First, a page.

Tag Archives: economics
on toast

on toast

    The metaphor of food served up on a slice of toast is the origin of the phrase to be had on toast and variants, meaning to be cheated, to be swindled. It is first recorded in The St. James’s Gazette (London) of 6th November 1886: The judges in the High Court are always […]

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money for old rope

money for old rope

  Money for Old Rope SACKING, RAGS, OLD CAR BATTERIES SCRAP & SALVAGE Our Lorry Will Collect It Cash Waiting Grantham Salvage Co. INNER STREET. Phone 1332 advertisement published in The Grantham Journal (Lincolnshire) on 15th July 1949     The phrase money for old rope has various meanings: a profitable return for little or no trouble; a very […]

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the penny dropped

the penny dropped

    The British phrase the penny dropped is used to indicate that someone has finally understood or realised something. It was originally used with allusion to the mechanism of a penny-in-the-slot machine. The following, from The Leeds Mercury (Yorkshire) of 30th August 1911, evokes this mechanism: PAPER PENNIES. OTLEY LAD’S PRANK WITH AUTOMATIC MACHINE. […]

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A1 (at Lloyd’s)

A1 (at Lloyd’s)

    MEANING   first-class, outstanding     ORIGIN   Lloyd’s Register, historically Lloyd’s Register of Shipping, is an independent society formed in 1760 by a group of merchants operating at Lloyd’s coffee house in London, which surveys ships to ensure compliance with standards of strength and maintenance. The name also denotes an annual publication […]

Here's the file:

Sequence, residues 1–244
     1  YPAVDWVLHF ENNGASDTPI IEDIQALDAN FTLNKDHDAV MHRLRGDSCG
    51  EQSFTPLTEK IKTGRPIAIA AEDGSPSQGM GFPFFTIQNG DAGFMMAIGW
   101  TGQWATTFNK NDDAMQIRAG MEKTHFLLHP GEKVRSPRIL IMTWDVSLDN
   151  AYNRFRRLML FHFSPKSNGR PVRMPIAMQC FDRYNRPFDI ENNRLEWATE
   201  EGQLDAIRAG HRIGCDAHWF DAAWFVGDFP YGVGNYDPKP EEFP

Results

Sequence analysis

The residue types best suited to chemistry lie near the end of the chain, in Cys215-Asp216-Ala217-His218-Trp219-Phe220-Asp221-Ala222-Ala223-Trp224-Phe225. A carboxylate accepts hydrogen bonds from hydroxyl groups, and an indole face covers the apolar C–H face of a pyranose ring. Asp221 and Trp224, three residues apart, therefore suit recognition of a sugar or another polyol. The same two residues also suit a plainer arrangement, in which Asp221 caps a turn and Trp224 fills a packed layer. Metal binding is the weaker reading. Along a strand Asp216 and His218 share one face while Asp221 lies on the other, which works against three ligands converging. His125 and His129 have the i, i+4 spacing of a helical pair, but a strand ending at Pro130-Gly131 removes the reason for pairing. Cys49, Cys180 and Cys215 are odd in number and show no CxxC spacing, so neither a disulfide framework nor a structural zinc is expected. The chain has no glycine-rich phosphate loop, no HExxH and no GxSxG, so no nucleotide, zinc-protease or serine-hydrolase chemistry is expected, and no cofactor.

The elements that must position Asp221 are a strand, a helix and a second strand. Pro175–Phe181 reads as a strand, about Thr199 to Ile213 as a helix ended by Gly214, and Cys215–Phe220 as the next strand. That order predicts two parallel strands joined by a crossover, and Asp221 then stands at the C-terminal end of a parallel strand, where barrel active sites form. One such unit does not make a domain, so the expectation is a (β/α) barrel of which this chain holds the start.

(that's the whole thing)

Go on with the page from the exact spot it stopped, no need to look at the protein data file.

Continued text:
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to be barking up the wrong tree

to be barking up the wrong tree

    Fess Parker (1924-2010) wearing a coonskin cap in Walt Disney’s 1950s television series Davy Crockett – photograph: AP       MEANING   to be pursuing a mistaken or misguided line of thought or course of action     ORIGIN   In Americanisms, Old and New. A Dictionary of Words, Phrases and Colloquialisms peculiar to the […]

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you can’t have your cake and eat it

you can’t have your cake and eat it

  title page of The Scourge of Folly (1611?), by John Davies of Hereford     The proverb you can’t have your cake and eat it (too) means you can’t enjoy both of two desirable but mutually exclusive alternatives. It made more sense in its early formulations, when the positions of have and eat had not been reversed. It is first recorded in A dialogue […]

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to nail (to the counter)

to nail (to the counter)

  Joseph Chamberlain (1836-1914), by Sir Francis Carruthers Gould (1844-1925), cartoonist and journalist – image: National Portrait Gallery     The verb nail is used to mean to expose or reveal the falsehood of an allegation, assertion, etc., especially to prevent further dissemination. This use is first recorded in An Oration delivered at the Celebration in Philadelphia of the 106th Anniversary of the Birthday […]

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peeping Tom

peeping Tom

  A drawing of Peeping Tom, in the exact state in which he is carved, but divested of all paint and superfluous ornaments. W. Reader in The Gentleman’s Magazine: and Historical Chronicle (London) of July 1826 The Coventry Peeping Tom statue, which dates from around 1500, survives today. Though it is now stripped down to the oak, […]

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milliner

milliner

  A Morning Ramble, or The Milliners Shop (1782) image: The British Museum     A milliner is a person (generally a woman) who makes or sells women’s hats. But a Milliner was originally a native or inhabitant of Milan, a city in northern Italy. The word is first recorded in this sense in an Act of Parliament in 1449: That every Venician, Italian, Januey, […]

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Brexit

Brexit

    MEANING   the departure of the United Kingdom from the European Union     ORIGIN   A blend of British, or Britain, and exit, this term dates back to 2012. The form Brixit appeared in Bagehot’s notebook on British politics, in The Economist of 21st June: A Brixit looms MY PRINT column this […]

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